The present study confirms that CS and/or low contrast acuity are able to capture variations in night-time hazard detection ability—abilities that are believed to decline markedly with age. These findings are consistent with previous calls from others that older drivers should pass a CS or low luminance VA examination in order to be eligible to drive at night (Sturgis and Osgood, 1982; Sturr et al., 1990; Wood, 2020). It is important to note, however, that the present findings do not directly speak to the real-world utility of such examinations, for the following reasons.
First, in the present study we only measured one component of night driving ability (hazard detection speed). In future, it would be highly beneficial to further consider the wide range of other driving metrics that have also been developed, such as those relating to speed control, braking, steering wheel control, lane keeping/changing, vehicle positioning, situational awareness, eye and head positioning, and so forth [e.g., see Östlund et al. (2005)]. Many of these measures could be well-studied within a simulated environment, though for a complete understanding of driving ability it is of course necessary to also look at convergent data from real world sources also (e.g., on-road surveillance, and actuarial data).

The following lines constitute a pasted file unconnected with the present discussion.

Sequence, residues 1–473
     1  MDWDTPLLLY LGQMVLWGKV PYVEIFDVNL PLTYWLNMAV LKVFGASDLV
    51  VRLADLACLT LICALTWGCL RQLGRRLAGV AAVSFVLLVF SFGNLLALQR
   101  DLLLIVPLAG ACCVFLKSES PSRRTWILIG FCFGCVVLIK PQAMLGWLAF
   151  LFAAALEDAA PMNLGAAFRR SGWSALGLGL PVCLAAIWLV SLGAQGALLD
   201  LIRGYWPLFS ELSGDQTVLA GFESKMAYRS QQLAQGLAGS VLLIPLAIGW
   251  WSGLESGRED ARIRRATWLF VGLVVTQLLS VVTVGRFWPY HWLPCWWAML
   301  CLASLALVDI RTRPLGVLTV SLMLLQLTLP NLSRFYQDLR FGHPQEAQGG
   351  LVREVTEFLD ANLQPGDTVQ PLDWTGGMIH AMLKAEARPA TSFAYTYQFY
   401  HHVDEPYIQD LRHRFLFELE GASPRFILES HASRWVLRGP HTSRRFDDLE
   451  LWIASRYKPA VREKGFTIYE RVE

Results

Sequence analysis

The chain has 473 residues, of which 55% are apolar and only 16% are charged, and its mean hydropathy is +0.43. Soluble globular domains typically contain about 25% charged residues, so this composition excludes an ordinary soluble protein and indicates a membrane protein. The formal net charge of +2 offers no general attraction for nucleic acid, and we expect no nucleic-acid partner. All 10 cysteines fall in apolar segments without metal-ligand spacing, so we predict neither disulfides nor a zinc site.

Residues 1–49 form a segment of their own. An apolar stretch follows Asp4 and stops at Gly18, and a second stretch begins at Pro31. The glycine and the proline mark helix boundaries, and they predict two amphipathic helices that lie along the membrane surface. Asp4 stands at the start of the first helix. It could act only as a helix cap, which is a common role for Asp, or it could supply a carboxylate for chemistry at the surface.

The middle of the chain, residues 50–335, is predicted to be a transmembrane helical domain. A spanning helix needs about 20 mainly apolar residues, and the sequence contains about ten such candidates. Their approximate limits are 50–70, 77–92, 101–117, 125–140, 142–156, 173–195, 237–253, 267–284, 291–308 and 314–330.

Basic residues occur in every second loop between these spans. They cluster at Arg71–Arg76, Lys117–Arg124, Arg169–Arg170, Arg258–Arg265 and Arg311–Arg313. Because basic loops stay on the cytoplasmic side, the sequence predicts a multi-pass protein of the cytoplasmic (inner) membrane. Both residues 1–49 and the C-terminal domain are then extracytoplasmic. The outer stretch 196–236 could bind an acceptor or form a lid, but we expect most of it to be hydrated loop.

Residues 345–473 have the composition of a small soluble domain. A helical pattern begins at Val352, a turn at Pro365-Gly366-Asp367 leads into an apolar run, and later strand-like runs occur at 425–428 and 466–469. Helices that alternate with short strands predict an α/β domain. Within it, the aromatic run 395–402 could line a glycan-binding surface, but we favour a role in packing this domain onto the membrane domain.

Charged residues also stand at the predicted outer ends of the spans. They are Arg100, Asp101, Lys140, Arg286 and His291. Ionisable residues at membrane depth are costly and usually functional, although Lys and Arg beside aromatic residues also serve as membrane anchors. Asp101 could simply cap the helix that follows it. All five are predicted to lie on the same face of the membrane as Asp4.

Second, it is possible that the deficit in hazard detection ability that we observed can be mitigated in the real-world by compensatory behaviors (e.g., more cautious driving or increased vigilance—or, in extremis, by night-driving cessation; see below). Against this stands a body of actuarial data that clearly shows elevated road-traffic crash and fatality rates amongst drivers over the age of 70 years (Mortimer and Fell, 1989; Cerrelli, 1998) (after correcting for yearly-mileage), strongly suggesting that at least some age-related deteriorations in driving ability cannot be effectively militated against by better driving strategies. It is important to note though that these age-related increases in accident rates are not necessarily the result of decreased visual function alone, and that cognitive and motoric deficits may also play at least as important a role (Ball and Owsley, 1991).